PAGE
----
The Garden House, 15.08.12.

The garden house sits on the edge of Dartmoor where the granite starts to fold downwards in deep valleys. As a consequence there is a lot of seepage water as the rain on Dartmoor drains below the ground surface, and the garden sits just above a small river.
The Garden House describes its location as Yelverton, but it actually sits at the edge of the small village of Crapstone. Can't imagine why they shy from that!
I don't get many chances to visit in the summer so I was pleased to get an opportunity to see some of the recent developments.

The most recent addition has been this lake. It was built during the last winter when a number of old buildings and greenhouses were cleared from the site. The ground has been shaped to create a new lake and a sinuous path winds across the hillside above, through the new Jubilee Arboretum. The development has been made to a larger scale than other parts of the garden. Visitors have much easier access and already the area has a very satisfactory ambience.

The first phase of planting has been completed, with a second phase planned for this winter. I am a little worried that it might be planted too densely when the process is complete. There are a lot of potentially large trees already in place, but the land shaping has been carried out with a deft touch and I imagine the planting will be equally masterful.

One of the greatest pleasures was to see the way the space connected the garden to the wider landscape. The older parts of the garden can be very inward looking in places. It is part of the charm of the garden but it also creates an undeserved impression of timidity.
This picture shows a row of scrubby hazels along the river edge that in my opinion should be removed entirely to un-clutter the vista into the fields beyond and enhance the bold expansiveness of the new space.

The bottom terrace has also been developed significantly in the last few years. The original site slopes from front to back, and also from left to right so it always looked rather strange. A few small changes have been made to the ground levels but the masterstroke here has been the emphasis on the central walkway. It has been made narrow enough to reduce the impact of the sideways slope and planted boldly on each side to conceal the tilt. I was very impressed with the way the terrace was performing in the summer. In previous years it has felt like the weakest part of a strong garden.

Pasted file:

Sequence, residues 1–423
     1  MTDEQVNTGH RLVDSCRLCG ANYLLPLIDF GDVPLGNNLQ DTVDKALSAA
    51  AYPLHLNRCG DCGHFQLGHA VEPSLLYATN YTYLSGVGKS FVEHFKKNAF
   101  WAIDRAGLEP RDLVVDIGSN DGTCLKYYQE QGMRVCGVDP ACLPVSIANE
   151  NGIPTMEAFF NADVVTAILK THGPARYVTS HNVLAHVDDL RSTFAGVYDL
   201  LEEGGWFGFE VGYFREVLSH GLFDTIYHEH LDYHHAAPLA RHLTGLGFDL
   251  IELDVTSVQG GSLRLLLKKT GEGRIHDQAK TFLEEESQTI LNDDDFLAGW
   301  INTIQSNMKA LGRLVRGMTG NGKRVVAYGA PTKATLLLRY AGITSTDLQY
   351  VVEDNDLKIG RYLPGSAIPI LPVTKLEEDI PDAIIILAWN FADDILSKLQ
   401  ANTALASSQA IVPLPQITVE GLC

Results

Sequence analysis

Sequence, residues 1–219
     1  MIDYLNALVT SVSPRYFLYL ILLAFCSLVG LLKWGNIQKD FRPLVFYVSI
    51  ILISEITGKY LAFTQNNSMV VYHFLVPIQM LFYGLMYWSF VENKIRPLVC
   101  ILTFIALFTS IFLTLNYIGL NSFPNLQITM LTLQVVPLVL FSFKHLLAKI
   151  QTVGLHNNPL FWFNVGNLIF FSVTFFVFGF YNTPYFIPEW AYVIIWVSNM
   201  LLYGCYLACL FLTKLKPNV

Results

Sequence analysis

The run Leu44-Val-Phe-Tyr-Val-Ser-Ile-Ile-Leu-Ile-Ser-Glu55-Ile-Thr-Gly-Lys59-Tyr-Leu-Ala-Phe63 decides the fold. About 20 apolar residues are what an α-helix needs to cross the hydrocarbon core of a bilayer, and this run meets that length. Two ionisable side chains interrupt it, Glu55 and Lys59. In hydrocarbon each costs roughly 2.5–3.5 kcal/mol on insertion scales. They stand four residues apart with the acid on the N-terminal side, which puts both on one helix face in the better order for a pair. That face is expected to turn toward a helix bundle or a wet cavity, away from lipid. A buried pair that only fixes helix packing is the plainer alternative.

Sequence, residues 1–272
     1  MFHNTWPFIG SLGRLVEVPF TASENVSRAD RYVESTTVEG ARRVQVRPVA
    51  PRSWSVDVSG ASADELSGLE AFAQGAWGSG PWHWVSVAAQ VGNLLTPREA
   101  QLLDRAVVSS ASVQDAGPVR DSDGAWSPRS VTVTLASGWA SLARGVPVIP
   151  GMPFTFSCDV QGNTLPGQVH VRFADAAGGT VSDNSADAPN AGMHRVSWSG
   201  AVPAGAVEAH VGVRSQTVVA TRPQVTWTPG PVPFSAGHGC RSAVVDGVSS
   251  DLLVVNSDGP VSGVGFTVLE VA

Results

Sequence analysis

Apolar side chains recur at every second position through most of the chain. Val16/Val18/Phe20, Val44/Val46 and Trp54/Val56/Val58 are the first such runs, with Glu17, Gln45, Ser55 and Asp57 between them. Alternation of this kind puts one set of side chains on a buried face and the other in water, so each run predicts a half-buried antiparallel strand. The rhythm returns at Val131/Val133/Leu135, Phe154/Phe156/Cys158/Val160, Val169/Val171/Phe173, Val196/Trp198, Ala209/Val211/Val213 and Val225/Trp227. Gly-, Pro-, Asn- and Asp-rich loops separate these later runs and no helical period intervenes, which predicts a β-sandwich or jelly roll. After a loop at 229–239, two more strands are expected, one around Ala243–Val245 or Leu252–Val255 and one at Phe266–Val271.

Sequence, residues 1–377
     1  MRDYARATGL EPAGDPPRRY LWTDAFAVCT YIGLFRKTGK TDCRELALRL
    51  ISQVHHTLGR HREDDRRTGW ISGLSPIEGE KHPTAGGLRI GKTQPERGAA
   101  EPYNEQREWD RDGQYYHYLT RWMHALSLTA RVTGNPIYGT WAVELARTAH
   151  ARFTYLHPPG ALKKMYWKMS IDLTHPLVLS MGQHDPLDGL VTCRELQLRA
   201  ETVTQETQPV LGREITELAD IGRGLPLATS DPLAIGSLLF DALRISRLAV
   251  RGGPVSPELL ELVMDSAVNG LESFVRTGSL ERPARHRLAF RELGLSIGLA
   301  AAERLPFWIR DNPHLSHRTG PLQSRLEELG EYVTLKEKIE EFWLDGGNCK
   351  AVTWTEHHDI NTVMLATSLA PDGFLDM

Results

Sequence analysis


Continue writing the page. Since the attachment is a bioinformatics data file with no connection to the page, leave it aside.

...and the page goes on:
The original vista looked along the main path and through the archway at the top but recently a large section of the wall collapsed in the night. An area of the garden was crushed and will be closed for some time while the wall is dealt with. I found its absence quite interesting. There was a danger that the Jubilee Arboretum might look like a UPVC conservatory tacked onto the side of a classical house. A new addition that bears little connection to the original. The missing wall opens the view and joins the new arboretum to the original garden. Naturally, some repair and rebuilding will have to be done. The archway can't be left hanging half in and half out of the wall, but perhaps there is an opportunity to retain the view and the connection as well (and given the sudden and catastrophic nature of the collapse, it would be a courageous person that rebuilt the wall to its full original height).

This shows the way the wall bowed at the base and then fell over. I first visited this garden in 1984, and the walls at this end worried me even then. It is very narrow and very tall without supporting buttresses. It curves shoothly around the contours of the site without the support that right-angled bends would have provided. It is a pity to see an old wall go, but there was (fortunately) nobody underneath it at the time and it opens a timely window of opportunity.

It is good to see the Garden House developing. "Heritage" properties can sometimes get stuck in the suffocating treacle of history and die of sweetness. Forward movement is always a good thing, and recent developments felt like a great joy and relief.
I have some opinions about siezing the change and moving forward. The Garden House will be repaired, the status quo will be restored and next time I visit I will marvel at the quality of the workmanship in the newly rebuilt wall. I'm not always sure what historical gardens are holding on to, but one can only admire their grip!

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